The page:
The statistics are clear that sports and recreation are an obvious cause of dental injury: more than 3 million teeth will be knocked out in youth sporting activities this year. However, the evidence is also clear that wearing a mouth guard can prevent dental injury: an athlete is 60 times more likely to suffer harm to the teeth when not wearing a mouth guard.
Mouth guards can prevent damage to the teeth, jaw and inside of the mouth by buffering the impact of a fall or blow to the head. They are mandatory for youth football, ice hockey, and lacrosse, but their use shouldn’t be limited to just those sports. It’s important to use a mouth guard during any activity where there is a strong chance for contact with other participants or hard surfaces, including basketball, baseball, wrestling, bicycling, in-line skating, and martial arts.
Youth athletes have three different mouth guard options, ranging from pre-formed mouth guards from sporting goods stores to custom mouth guards from the dentist:
These mouth guards can be found at almost any sporting goods store and are inexpensive. They are pre-formed and are ready to wear right out of the package. Because they are generically formed, however, they may not fit your teeth and mouth very well. These mouth guards can be bulky which can make it hard to breathe and talk while wearing.
- Boil and Bite
Boil and bite mouth guards can also be found at most sporting goods stores and are inexpensive. These often fit much better than the Stock mouth guards because they can be formed to suit your mouth. The mouth guard is boiled in hot water to soften the plastic, and then it is inserted into your mouth. As the plastic cools, it shapes to fit around your teeth. However, you may still end up with a bulky mouthpiece, and getting the boil and bite method just right can be tricky.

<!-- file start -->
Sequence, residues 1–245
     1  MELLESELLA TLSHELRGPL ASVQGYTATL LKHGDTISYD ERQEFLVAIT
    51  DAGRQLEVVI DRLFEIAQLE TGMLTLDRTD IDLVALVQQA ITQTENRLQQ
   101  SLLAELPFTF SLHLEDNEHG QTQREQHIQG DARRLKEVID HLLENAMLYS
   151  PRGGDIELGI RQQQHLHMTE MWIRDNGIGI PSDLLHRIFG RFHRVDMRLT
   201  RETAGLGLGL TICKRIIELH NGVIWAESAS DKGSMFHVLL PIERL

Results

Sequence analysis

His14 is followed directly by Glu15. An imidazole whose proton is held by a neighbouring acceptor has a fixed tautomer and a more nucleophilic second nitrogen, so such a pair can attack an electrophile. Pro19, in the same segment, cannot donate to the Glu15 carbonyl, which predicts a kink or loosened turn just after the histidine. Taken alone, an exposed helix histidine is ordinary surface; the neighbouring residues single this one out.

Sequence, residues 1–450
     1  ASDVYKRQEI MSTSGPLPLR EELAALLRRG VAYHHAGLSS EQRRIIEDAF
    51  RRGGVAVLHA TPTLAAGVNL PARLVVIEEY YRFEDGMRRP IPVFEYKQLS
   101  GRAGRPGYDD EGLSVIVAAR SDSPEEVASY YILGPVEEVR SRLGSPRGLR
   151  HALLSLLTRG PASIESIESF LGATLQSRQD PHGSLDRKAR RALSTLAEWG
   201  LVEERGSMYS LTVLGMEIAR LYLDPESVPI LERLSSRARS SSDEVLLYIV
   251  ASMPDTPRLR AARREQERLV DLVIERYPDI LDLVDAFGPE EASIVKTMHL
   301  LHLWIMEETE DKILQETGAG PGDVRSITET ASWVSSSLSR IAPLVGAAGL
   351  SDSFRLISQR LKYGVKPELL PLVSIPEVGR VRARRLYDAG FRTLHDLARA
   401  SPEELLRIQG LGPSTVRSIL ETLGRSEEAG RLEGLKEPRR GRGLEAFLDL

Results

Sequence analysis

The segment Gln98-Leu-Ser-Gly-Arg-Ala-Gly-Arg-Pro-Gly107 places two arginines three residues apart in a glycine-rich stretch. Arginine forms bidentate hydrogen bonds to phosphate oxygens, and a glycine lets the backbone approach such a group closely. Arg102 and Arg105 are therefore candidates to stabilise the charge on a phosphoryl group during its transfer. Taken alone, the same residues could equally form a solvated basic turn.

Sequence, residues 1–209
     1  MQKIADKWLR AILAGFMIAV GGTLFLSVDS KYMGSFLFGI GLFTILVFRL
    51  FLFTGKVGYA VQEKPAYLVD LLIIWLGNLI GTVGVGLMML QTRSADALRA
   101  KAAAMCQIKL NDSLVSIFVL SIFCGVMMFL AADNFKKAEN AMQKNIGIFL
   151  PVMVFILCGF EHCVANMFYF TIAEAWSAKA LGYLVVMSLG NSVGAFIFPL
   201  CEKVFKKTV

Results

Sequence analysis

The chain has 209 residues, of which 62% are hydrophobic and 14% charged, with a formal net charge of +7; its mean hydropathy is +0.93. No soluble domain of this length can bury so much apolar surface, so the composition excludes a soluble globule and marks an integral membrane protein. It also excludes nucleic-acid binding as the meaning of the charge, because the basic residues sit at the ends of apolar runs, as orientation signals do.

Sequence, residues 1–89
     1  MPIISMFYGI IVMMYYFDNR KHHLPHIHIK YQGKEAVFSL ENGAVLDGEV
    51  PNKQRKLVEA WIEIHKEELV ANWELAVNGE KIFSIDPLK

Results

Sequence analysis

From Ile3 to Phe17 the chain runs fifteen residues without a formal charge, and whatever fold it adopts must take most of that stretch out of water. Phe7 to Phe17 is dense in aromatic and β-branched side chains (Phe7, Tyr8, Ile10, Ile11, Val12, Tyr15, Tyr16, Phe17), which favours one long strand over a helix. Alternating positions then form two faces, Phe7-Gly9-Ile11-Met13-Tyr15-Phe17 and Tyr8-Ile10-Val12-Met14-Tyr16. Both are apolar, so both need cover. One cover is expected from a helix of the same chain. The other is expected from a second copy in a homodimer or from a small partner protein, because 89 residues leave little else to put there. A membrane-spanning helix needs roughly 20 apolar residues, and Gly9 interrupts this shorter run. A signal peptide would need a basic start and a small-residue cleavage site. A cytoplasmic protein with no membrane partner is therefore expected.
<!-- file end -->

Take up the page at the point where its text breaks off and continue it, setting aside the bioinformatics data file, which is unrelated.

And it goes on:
You can get a mouth guard made specifically for your teeth from your dentist. The dentist will take a mold of your mouth and send it off to have a mouth guard made just for you. This requires visits to your dentist, and is also the most expensive way to get a mouth guard. This mouth piece will also fit you the best, which can lead to better comfort and more routine use.
Any mouth guard is better than no mouth guard, but it is important to find one that you will use regularly and that does not inhibit your breathing. It should fit comfortably, cover the teeth and gums, and remain securely in place.
For the past five years, Delta Dental of Tennessee and the Franklin American Mortgage Music City Bowl have partnered to help protect the smiles of youth across the state. Together, we have distributed more than 50,000 mouth guards.
To learn more about protecting your teeth and mouth, visit www.DeltaDentalTN.com/Wellness.
 Lollar, Jennifer. “Sports dental injuries are no laughing matter.” (2011, August 22). University of Alabama Birmingham News. http://www.uab.edu/news/latest/item/1577-sports-dental-injuries-are-no-laughing-matter
 Journal of the American Dental Association. “Protecting Teeth with Mouthguards.” (2006, December). American Dental Association. http://www.ada.org/sections/scienceAndResearch/pdfs/patient_69.pdf